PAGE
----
On the one hand, sensitivity is the name of the game. On the other hand, sensitivity is what makes me unhappy. If I do not know much about music, for example, then you can sing however you want, everything is fine. The more I know, however, then the more I become sensitive and tuned in to every little deviation in pitch or rhythm. Similarly, if you do not know Sanskrit grammar, or any grammar for that matter, then it is all fine, there is no problem. But once you know, then you start noticing grammatical mistakes, spelling errors, and so on.

The human being is the most evolved and sensitive creature because a human is sensitive about his own self. I am a self-conscious being, meaning that I am sensitive about myself, and sensitive about the fact that I am incomplete or inadequate. Along with that awareness comes the non-acceptance of myself because of inadequacy or incompleteness. I am not comfortable with myself, I am not happy with myself because I am incomplete, inadequate. This conclusion or opinion about myself that I am inadequate or incomplete arises on account of my failure to separate the self from the non-self. What I am uncomfortable about is really not the self; what I am uncomfortable about are the notions arising from the combination, or lumping together, of self and non-self.

At some point, there must be some awareness that I am limitless because there is a natural love for limitlessness. There must be some awareness that I am free because there is a natural love for freedom. Somewhere I should know that happiness is my nature because there is a natural love for happiness.

So also, in the state of deep sleep we do experience freedom and unconditional happiness. We are not aware at that time that we are experiencing it, but the experience is there nevertheless. And that experience of happiness or freedom becomes the frame of reference with which I constantly keep on judging and evaluating myself. Finding myself always inadequate with regard to that reference point 18 the reason why I am constantly seeking to be free from unhappiness and constantly seeking to be happy.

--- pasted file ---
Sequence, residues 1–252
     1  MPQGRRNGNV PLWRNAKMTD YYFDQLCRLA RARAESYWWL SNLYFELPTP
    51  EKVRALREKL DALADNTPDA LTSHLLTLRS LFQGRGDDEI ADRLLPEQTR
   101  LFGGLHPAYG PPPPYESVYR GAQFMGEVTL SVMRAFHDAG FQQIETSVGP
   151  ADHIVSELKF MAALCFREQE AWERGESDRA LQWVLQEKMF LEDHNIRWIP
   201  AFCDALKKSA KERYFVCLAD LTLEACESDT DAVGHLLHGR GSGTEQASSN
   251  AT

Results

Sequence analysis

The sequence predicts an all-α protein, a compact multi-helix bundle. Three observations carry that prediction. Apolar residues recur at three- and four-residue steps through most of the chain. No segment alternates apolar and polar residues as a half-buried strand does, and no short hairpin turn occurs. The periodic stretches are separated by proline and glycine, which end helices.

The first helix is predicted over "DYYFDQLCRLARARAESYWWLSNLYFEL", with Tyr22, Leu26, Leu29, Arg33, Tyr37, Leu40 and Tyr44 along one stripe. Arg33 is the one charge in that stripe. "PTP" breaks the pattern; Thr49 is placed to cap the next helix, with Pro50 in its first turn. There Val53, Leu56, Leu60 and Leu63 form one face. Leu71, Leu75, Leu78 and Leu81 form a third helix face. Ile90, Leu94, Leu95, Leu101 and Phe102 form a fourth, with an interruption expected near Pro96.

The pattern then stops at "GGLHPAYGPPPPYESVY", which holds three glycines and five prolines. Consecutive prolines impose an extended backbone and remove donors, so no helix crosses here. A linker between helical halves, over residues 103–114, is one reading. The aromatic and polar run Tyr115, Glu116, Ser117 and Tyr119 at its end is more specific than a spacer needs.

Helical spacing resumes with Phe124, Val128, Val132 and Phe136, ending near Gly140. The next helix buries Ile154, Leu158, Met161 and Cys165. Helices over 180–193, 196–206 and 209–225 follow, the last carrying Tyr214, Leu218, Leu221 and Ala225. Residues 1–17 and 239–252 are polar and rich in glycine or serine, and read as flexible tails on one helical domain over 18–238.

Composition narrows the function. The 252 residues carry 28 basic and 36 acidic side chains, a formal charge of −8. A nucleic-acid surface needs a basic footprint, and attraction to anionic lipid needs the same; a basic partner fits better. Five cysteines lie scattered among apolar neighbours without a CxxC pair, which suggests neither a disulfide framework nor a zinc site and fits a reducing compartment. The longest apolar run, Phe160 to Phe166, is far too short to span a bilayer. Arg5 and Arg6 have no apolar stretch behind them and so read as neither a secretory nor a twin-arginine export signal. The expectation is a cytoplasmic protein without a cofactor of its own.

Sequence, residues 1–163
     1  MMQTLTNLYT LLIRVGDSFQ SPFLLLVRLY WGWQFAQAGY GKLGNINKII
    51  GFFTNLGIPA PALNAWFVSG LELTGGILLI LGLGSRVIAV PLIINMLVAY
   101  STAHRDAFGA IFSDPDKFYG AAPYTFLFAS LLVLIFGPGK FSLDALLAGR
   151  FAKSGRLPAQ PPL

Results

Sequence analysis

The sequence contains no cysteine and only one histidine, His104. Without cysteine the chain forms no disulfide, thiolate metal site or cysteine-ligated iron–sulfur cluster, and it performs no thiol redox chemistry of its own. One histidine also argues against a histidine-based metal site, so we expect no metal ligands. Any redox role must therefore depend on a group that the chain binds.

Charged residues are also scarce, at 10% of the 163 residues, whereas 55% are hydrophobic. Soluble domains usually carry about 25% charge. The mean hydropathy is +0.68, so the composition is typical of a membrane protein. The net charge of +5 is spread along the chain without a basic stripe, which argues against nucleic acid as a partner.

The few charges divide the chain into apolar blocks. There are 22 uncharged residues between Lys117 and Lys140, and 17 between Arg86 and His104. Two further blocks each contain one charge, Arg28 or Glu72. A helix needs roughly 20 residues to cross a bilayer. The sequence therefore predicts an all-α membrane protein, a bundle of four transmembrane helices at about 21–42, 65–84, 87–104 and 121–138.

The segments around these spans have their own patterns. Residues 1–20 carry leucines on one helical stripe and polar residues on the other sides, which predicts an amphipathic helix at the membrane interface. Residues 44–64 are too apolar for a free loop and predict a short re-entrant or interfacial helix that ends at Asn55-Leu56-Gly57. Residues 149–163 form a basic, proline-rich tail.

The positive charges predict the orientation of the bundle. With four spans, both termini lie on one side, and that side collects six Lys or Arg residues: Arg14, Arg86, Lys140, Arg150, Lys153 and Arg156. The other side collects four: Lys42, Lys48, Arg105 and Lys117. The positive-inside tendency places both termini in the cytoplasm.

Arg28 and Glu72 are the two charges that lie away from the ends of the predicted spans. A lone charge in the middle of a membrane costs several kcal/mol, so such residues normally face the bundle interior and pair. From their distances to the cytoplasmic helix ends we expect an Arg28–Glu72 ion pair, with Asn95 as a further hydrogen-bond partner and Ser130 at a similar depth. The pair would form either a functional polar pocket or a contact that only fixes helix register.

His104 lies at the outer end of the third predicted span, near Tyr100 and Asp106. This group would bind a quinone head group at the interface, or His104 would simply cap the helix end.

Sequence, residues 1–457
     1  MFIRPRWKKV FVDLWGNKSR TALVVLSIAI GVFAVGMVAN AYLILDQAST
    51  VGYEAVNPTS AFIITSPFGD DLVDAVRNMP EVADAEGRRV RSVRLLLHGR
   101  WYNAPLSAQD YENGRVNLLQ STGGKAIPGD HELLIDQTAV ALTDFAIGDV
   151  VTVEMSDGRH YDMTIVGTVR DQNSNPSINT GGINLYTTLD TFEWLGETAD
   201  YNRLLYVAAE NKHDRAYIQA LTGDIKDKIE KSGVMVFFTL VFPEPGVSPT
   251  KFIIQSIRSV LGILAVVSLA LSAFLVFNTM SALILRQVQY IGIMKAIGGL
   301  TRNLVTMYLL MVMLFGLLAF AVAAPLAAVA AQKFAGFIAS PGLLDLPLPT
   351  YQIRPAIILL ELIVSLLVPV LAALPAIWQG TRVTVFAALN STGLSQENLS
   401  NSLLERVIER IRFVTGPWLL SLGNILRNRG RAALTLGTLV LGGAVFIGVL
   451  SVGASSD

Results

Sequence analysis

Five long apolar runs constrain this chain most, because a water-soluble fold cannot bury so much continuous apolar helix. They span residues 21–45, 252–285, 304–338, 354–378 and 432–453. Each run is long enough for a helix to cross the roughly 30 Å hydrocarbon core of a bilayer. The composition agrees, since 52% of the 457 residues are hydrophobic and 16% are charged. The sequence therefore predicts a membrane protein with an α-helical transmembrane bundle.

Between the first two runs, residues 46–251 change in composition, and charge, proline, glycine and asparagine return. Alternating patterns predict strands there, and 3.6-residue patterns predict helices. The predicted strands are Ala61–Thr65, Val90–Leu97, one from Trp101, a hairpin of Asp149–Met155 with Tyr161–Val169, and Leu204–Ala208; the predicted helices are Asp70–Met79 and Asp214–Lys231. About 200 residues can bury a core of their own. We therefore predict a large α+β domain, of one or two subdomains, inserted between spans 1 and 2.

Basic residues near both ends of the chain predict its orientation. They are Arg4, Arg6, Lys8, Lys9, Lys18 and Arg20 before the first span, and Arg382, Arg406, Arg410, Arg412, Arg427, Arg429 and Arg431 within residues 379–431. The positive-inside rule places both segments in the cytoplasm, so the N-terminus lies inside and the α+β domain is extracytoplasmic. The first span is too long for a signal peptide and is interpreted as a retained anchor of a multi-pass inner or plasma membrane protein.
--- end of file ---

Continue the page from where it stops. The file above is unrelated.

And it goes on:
Sukha~prapti, attainment of happiness, and duhkha-nivrtti, avoidance of unhappiness, is natural for all living beings. Avoiding death and seeking immortality is natural. Avoiding ignorance and seeking knowledge is natural. Avoiding unhappiness or sorrow and seeking happiness is natural. And thus, life consists of a constant search for happiness, knowledge, freedom, immortality, thinking that all of these things are somewhere else, in a location other than myself.

This is a very sad situation. It is like an animal, such as a deer, running toward water in the distance when it is thirsty. In fact, it is only mirage water, but thinking that it is real, the deer runs toward it. As it runs toward the mirage, the water seems to recede farther and farther, and the poor deer can never reach it. Ultimately, it collapses along the way.

Similarly, the poor human being is running toward happiness, freedom, immortality, wisdom, knowledge, and never seems to find it. That is the situation – I am searching, not knowing that what I am searching for is, in fact, my own nature. You can also call it the nature of brahman, the absolute, or the nature of imam, the Lord.

Swami Viditatmananda Saraswati

Excerpts from: Drg Drasya Viveka